The digital future brings together two opposing cultures. ‘Move fast and break things’ doesn’t work in traditional financial circles, but is central to many exciting fintechs. Large banks are risk averse by design with powerful built-in incentives to limit risks, whereas digital-first innovators are founded on agile principles that can move with the times. Institutions work to the twentieth century model of production-line distribution. Innovators adopt the ‘release now, refine later’ mentality of digital warriors.
These different priorities reflect different ways of thinking. As shown in the 2018 Fintech Disruptors report, when asked about priorities and opportunities of working with banks, fintechs attached far less importance to mobile and automation and digitisation than banks did when asked the same question. For fintechs, these are a straightforward fact of life – not separate areas of focus.
The risk-averse culture has served banks well. But it can also prevent real progress. It can also lead to different types of existential risk in the new environment. Merging the veto culture and the fail-fast culture is key to making the digital switch. More than ever, an open mind and open channels of communication are essential.
4. Keeping customers on board.
Those cultural differences also show up in the types of customers institutions and innovators attract. Innovators’ customers have, inevitably, embraced digital delivery. Traditional bank customers may need some convincing. But whereas innovators often focus on one type of customer, banks have to providers to a much more diverse group with different needs and different preferences for engagement.
Single-minded focus on one group of customers may alienate another. Developing universal digital services for individual account-holders may hobble efforts to deliver in-demand digital services to more lucrative corporates. And customers that experience transformation in one area of their banking may wonder why another remains slow and unresponsive. As PwC’s analysts point out in their Digital Banking Consumer Survey of 2017: “For a bank to deliver against its customers’ needs, it now needs very sophisticated analytics and personalisation capabilities.”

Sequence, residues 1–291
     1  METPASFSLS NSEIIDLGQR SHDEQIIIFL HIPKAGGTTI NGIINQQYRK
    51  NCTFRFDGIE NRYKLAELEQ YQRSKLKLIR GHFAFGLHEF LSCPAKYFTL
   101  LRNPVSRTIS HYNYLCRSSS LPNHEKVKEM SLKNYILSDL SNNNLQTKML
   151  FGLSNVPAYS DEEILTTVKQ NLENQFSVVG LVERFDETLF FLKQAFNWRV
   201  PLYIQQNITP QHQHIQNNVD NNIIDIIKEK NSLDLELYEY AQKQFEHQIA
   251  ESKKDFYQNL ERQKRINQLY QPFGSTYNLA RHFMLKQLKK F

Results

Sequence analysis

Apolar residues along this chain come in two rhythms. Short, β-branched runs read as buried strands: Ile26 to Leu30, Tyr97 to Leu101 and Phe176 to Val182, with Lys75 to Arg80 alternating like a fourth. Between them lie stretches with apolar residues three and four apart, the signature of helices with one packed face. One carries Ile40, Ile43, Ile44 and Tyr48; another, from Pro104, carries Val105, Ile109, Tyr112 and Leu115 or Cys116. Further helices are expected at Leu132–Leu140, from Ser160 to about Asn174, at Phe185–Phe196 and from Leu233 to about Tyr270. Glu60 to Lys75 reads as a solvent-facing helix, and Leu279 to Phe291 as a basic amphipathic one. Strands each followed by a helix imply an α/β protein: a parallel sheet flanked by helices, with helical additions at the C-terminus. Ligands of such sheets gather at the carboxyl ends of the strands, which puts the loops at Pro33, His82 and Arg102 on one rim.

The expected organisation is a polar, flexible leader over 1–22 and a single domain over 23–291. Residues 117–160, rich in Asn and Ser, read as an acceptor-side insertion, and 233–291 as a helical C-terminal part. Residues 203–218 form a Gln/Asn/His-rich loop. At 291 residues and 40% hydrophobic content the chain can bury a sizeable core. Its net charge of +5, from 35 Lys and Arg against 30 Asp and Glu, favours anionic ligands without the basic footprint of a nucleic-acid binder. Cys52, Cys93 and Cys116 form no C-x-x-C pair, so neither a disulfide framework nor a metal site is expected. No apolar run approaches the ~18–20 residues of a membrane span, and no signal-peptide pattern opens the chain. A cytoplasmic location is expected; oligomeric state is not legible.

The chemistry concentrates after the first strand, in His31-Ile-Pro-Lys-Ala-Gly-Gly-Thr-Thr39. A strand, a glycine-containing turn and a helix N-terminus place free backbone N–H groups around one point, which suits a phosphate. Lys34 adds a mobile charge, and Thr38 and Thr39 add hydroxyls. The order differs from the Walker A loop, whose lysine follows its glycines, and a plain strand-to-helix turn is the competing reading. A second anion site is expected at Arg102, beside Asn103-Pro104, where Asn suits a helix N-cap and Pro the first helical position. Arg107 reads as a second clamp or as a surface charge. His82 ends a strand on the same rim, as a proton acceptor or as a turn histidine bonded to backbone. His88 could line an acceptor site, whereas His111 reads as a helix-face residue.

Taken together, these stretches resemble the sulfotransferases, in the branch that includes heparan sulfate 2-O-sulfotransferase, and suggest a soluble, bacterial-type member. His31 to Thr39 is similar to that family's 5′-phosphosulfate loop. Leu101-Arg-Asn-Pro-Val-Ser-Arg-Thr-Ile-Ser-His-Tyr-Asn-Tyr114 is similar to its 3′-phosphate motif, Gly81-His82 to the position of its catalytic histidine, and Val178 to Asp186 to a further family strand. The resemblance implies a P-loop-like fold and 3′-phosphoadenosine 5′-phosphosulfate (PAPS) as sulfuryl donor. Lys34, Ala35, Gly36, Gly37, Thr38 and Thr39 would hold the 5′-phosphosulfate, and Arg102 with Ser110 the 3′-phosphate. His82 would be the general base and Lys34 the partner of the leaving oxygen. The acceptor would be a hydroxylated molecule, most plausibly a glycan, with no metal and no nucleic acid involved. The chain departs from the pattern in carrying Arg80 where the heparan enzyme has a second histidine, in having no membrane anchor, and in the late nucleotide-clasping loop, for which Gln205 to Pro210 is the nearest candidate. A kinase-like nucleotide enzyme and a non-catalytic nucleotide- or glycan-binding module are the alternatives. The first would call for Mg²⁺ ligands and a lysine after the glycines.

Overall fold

5. Identifying success.
Traditionally, project managers set clear milestones and goals, so everyone involved can recognise success when they see it.
In the digital landscape it can be a little more complicated and success can often be a moving target. Milestones can shift as the environment evolves and original targets can be pushed out of sight. Regulatory changes – like GDPR and PSD2 – can also move the goalposts, as can new technologies.
Maintaining enthusiasm and momentum when the goal is less ‘mission accomplished’ and more ‘constant innovation’ is a tough but necessary task. The good news for banks is that there is plenty of insight to be had from digital-first fintechs who are more accustomed to this way of working.
In other words, working with partners is essential. That means, finding the right ones is of paramount importance – which is why it will be the subject of our next post in this series.
To learn more about how banks can make the switch to digital banking, read our "making the switch" white paper.